How Often Is Often in Cleansing? | Belo Medical Group

When It Comes to Cleansing, How Often Is Too Often?

By Ysabel Vitangcol on January 16, 2021

Truth Time: Most of us believe the main culprit of acne is dirt, so we tend to wash our face several times a day or use harsh substances (like rubbing alcohol) to make sure there’s no build up of dirt and oils that could cause a breakout. In fact, this could be contributing to the poor state of your skin.

Yep, over-cleansing is a real thing. In an article by Allure, you can tell that you’ve been over-washing or over-cleansing your face “if your skin has a ‘tight and dry feeling’ …it can also feel sensitive or shows signs of sensitivity with reddish, dry patches.” Admit it—this has happened to you before. And prolonged over-cleansing could do more damage than good when it comes to keeping your skin supple.

How often should you wash your face?

At Cosmo BeautyCon 2019, Dr. Vicki Belo shared why washing your face too much is not a good thing.

“If you wash your face so much, you just irritate it and redness [appears]. And your body will think, ‘O, it’s so dry. I better make more oil,’” she was quoted in an article by “The most number of times you can wash your face is three times a day. Five times a day is bad,” she adds.

When you wash your face too much, it strips away your skin’s natural oils, so your skin tends to overproduce oils to make up for the ones washed away. Excessive oil could trap more dirt and clog your pores, which will eventually lead to pimples. Yikes. So make sure to wash your face in the morning after waking up, before sleeping (after removing your make-up), or  when necessary like after a sweaty workout or activity.

Aside from cleansing your face, Dr. Belo also emphasizes the importance of rinsing your face properly. “You can rinse it 20 times… Sometimes, the ears kasi when you wash, the soap is there, and when you rinse, nakakalimutan, so this is very irritating to the pores,” she points out.

What should you look for when choosing a cleanser?

In the same Allure article, Dr. Loretta Ciraldo (a board-certified dermatologist from Miami, Florida), shared that it’s not just about how many times you wash your face. Overwashing could also be a result of using the wrong cleanser.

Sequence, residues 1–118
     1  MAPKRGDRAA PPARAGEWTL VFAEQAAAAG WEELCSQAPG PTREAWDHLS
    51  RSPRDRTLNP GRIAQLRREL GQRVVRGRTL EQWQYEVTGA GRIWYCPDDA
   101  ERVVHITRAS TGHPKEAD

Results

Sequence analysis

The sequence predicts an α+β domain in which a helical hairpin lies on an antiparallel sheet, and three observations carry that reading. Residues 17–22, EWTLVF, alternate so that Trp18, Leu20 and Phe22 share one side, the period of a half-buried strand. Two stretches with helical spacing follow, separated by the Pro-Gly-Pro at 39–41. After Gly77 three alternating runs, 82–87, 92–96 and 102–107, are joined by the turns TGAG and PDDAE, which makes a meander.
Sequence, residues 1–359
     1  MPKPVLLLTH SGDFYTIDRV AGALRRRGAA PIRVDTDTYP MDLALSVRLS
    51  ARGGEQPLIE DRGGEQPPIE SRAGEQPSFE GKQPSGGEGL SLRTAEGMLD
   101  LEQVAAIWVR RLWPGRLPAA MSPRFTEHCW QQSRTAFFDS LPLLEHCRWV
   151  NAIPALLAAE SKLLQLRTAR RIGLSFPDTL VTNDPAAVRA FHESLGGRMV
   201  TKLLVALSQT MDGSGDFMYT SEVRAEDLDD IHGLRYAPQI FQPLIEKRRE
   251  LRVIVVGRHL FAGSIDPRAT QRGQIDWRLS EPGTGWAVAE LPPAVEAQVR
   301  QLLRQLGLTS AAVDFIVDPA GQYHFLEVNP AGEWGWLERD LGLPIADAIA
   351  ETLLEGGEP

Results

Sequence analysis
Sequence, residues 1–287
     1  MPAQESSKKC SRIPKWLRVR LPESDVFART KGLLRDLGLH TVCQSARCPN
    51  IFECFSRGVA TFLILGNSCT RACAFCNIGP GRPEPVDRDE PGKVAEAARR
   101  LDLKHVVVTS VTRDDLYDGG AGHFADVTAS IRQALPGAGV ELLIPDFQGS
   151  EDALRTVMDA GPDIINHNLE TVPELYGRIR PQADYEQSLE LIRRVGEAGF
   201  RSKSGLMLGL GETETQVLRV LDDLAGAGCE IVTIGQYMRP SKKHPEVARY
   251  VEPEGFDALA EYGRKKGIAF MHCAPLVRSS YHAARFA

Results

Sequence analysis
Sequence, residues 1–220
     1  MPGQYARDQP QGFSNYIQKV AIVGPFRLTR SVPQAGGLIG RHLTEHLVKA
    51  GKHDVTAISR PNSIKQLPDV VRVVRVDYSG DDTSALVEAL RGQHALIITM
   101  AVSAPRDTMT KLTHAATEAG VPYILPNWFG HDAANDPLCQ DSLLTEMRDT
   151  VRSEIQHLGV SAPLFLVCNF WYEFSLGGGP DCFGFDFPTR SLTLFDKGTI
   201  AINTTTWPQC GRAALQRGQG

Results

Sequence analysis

“Overwashing usually results from using a cleanser that’s too harsh for your skin. I see this a lot with acne cleansers… Drying products tend to make our skin overcompensate by producing more oils… The skin’s oil levels and moisture levels are two different measurements, so oily skin can also lack hydration and be dry,” Dr. Ciraldo explains.

“Cleansing is really a delicate balance between hygiene and barrier damage… It truly is the foundation of good skin care. You can do more harm than good by using the wrong cleanser,” said SkinFix founder Amy Gordinier-Regan in a New York Times article.

When shopping for a facial wash, take note that the ideal cleanser depends on your skin type, so it may differ from one person to another. If you have dry skin, look for a gentle cleanser with moisturizing ingredients like petrolatum, lanolin, or mineral oil, like the ZO® Gentle Cleanser. For oily skin, look for cleansers with aloe vera or tea tree oil, and if you have acne-prone skin try to look for salicylic acid in the list of ingredients, like Belo Prescriptives Kojic Acid Face Wash. For those with combination skin, Dr. Sharad says “Micellar waters are the best for this skin type,” like FillMed Micellar Water.

How often should I exfoliate my face?

In an episode of Dr. Belo’s podcast The Beauty Authority, she shared that over-exfoliating is one of the most common sins we commit against our own skin. She said that scrubs should only be done once every two days at most and reminds everyone to make sure to scrub the right way: scrubbing in just one direction to slough off the dead skin and dirt, not back and forth. Exfoliating your face and body everyday could cause small openings on your skin where bacteria could enter to cause pimples or even infection.

For the face, it’s best to use a gentle exfoliant that won’t strip off all the natural oils, like the ZO® Exfoliating Cleanser.

Which skincare routine should I use?

She suggests a simple routine  with only four steps and products:


Use a good and gentle make-up remover. Dr. Belo points out that facial cleansers do not remove make-up (which is usually oil based), so it requires a special step. Make sure to remove all especially around the eye area.


Choose the right cleanser according to your skin type and make sure to wash off the make-up remover so it won’t leave any oily residue on your skin. Don’t forget to wash under the chin, your neck, and even behind the ears. Rinse off completely and thoroughly.


The toner’s job is to make sure you get every little bit of dirt off your face even after cleansing. It also prepares your skin for the next step.


Dr. Belo shares that “the number one [product] I’ve been using since I was 11 for acne and also for anti-aging ’cause it’s totally good for everything is retinol at one percent.” Choose a serum with retinol or tretinoin to finish your routine and remember to dab (not rub!) when you’re applying your serum.

If you feel like you’ve over-cleansed your face, don’t worry—it’s not beyond rescue. Simply stop doing your current routine and give your skin time to breathe and heal itself, then make sure to choose the right products to use on your face depending on your skin type. 

If you need more help figuring out the right skincare routine for you, click here to book a consultation.

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